US State Department spokeswoman Victoria Nuland Monday said Sri Lanka had been alerted last year by Secretary of State Hillary Clinton when she met Sri Lankan External Affairs Minister G.L. Peiris. Nuland said the US was working with several governments on the resolution on Sri Lanka. (Colombo Gazette) “Just as the Government of Sri Lanka did not recognize the last HRC resolution, it rejects the new resolution. Sri Lanka intends to request a vote when the draft resolution is taken up at the Human Rights Council on 21st March 2013. Sri Lanka seeks the understanding and the support of HRC member states at the vote on this resolution,” the Minister said in his letter, seen in part by the Colombo Gazette.The US on Monday tabled the final version of the resolution at the 22nd session of the UNHRC in Geneva, with several co-sponsors including Austria, Canada, Belgium, Denmark, France, Germany, Greece, Italy, Norway and Britain. Moreover, he says the precedent created by intrusive, biased and politicized actions such as the US sponsored resolution on Sri Lanka would pose a danger for all nations. The Minister has noted that the beneficiaries of such action would be none other than the divisive forces that seek to destabilize the hard won peace in the country. In a toned down document as compared to the previous drafts, the resolution requests the Office of the High Commissioner for Human Rights to present an oral update to the at its 24th session.It is also seeking a comprehensive report followed by a discussion at the 25th session, on the implementation of the present resolution.The US said it had alerted the government last year on the possibility of taking action on Sri Lanka if there was no progress in human rights related issues. The Sri Lankan government has decided to reject the final draft of the US resolution and will seek a vote among members of the UN Human Rights Council (UNHRC) on Thursday, the Colombo Gazette learns.In letters addressed to Foreign Ministers of UNHRC member countries, External Affairs Minister G.L. Peiris said the Government of Sri Lanka believes that drawing disproportionate attention to Sri Lanka’s situation and introducing resolution that seeks to discredit, single out the country and humiliate are unhelpful and counterproductive to Sri Lanka’s current reconciliation process.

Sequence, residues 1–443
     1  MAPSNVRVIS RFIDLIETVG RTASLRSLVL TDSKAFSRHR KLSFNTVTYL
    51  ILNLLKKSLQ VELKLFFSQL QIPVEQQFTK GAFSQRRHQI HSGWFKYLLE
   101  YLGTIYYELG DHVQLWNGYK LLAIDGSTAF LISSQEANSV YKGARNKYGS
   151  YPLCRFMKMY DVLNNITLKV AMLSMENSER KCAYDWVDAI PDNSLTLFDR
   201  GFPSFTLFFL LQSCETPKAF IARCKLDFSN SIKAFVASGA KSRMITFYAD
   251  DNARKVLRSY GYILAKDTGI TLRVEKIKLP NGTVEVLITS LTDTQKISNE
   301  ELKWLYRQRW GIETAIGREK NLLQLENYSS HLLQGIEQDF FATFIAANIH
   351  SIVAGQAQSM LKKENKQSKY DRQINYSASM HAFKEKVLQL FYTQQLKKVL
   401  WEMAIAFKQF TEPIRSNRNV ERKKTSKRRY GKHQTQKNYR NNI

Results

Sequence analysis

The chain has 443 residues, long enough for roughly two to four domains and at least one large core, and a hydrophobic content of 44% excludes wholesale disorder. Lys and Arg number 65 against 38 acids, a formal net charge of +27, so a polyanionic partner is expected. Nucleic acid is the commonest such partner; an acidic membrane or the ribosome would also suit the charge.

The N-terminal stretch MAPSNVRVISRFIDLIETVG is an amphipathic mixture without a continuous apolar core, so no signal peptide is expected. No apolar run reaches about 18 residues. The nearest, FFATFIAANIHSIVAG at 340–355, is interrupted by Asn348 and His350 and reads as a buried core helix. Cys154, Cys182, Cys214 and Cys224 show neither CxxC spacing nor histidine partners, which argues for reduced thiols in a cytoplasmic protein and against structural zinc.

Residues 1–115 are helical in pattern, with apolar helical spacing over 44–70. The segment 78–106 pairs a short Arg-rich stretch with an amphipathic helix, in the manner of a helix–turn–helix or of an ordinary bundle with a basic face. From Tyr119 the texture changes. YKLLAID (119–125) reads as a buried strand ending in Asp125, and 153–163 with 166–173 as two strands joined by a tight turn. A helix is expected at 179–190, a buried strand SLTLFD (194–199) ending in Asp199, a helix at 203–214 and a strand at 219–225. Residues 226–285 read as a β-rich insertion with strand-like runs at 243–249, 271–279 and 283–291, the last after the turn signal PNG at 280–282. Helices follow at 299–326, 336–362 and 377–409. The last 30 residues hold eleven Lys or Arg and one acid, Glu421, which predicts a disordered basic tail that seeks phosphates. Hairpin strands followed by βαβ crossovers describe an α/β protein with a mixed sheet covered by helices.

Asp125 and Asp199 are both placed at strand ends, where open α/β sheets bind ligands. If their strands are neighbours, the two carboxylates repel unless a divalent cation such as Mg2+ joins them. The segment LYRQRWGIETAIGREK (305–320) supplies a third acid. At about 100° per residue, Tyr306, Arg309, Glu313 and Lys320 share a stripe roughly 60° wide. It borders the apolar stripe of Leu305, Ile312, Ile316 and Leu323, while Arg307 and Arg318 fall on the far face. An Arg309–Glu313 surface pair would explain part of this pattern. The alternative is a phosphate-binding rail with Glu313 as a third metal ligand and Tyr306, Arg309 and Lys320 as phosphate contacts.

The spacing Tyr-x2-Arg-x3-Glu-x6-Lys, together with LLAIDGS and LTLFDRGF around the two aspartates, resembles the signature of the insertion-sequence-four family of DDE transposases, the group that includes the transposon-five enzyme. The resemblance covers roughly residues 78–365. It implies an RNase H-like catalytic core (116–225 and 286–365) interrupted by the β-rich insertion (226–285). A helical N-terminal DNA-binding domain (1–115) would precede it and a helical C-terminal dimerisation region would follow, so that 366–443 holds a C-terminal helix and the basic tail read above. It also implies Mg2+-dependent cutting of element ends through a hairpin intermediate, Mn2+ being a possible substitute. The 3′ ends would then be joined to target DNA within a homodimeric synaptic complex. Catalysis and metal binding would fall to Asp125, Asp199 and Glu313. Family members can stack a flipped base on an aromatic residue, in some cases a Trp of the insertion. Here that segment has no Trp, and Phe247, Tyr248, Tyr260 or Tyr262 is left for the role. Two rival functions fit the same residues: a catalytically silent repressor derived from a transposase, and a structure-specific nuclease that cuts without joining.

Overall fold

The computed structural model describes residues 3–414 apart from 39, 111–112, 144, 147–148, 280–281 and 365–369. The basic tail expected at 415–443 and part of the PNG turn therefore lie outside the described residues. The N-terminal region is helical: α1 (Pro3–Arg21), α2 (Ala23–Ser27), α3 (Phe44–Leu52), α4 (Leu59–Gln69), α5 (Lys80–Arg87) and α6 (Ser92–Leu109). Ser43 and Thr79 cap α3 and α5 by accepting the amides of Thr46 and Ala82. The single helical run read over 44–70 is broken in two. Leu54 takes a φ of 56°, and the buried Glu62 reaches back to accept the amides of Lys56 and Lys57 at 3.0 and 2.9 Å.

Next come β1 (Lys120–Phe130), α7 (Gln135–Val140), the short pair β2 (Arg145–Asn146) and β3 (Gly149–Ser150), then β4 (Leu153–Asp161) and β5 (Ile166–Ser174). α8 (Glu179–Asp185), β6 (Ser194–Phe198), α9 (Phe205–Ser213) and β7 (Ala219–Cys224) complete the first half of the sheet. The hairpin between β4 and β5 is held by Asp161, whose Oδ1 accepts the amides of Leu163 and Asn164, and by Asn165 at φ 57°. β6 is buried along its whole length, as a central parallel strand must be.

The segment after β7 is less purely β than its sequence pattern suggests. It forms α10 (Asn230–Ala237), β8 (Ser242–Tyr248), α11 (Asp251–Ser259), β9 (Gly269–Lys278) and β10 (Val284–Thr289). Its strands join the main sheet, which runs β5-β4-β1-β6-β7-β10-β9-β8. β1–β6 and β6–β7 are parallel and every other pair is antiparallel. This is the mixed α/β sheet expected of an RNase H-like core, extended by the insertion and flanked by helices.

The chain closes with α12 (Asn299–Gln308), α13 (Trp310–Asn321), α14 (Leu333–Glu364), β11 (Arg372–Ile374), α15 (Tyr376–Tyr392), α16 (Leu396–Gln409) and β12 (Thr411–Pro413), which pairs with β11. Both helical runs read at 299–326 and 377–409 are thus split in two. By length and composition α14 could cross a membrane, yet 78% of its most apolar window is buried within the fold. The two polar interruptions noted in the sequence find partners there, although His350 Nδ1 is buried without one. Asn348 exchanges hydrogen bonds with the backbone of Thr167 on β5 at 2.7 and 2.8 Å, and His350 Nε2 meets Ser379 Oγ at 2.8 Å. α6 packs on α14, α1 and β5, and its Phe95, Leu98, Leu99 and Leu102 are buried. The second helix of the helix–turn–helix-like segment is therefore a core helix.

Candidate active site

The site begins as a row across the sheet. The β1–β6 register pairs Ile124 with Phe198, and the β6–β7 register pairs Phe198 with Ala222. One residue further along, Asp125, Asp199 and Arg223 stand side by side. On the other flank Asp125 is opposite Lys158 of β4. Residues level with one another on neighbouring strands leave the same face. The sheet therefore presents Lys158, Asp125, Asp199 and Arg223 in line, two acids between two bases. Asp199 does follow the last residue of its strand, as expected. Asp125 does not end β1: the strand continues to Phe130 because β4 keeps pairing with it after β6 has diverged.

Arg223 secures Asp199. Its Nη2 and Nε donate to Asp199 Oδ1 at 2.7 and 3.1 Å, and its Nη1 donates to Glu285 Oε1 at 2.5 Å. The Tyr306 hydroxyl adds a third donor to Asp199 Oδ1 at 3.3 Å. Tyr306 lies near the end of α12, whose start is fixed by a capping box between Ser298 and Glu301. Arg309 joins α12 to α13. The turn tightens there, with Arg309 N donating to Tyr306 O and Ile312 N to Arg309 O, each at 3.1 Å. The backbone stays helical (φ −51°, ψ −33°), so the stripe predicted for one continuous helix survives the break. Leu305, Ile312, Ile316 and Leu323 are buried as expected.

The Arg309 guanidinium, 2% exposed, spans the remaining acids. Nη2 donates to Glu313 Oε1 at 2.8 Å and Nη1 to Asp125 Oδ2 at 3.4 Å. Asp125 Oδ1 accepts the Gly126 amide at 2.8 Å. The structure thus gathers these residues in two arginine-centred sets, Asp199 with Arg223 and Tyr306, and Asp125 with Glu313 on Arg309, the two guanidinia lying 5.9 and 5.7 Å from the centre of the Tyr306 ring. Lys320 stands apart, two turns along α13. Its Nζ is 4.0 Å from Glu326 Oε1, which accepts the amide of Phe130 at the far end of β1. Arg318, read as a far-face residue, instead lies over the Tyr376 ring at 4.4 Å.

At least 15 men who had arrived in a jeep last morning at the estate had attacked the 71 year old man identified as Nihal Perera. The police said that two others who were believed to be the security officers of the victim were injured in the attack. The police have arrested 4 suspects so far over the attack in Deraniyagala in which a superintendent of an estate in the area was killed, the police media unit said today.The police said that six police teams have been deployed to arrest several others wanted over the murder. The attackers had stabbed the victim after initially assaulting him and he succumbed to his injuries.The police media unit said that the vehicle used in the crime had also been seized. (Colombo Gazette)
His resignation comes amidst the controvercy over the importing of substandard fuel to the country. The Chairman of the Ceylon Petroleum Corporation (CPC) Thilak Collure is to resign from his post, sources told the Colomboi Gazette.It is understood that Collure had tendered his resignation as he was to go oversaes. He also said that 25000MT of Octane 90 petrol from the same shipment had however been passed to be released to the consumer. (Colombo Gazette) Meanwhile Petroleum Resources Minister Anura Priyadharshana Yapa said that the CPC had rejected 5000MT of imported Octane 95 petrol after two tests had found that it was contaminated.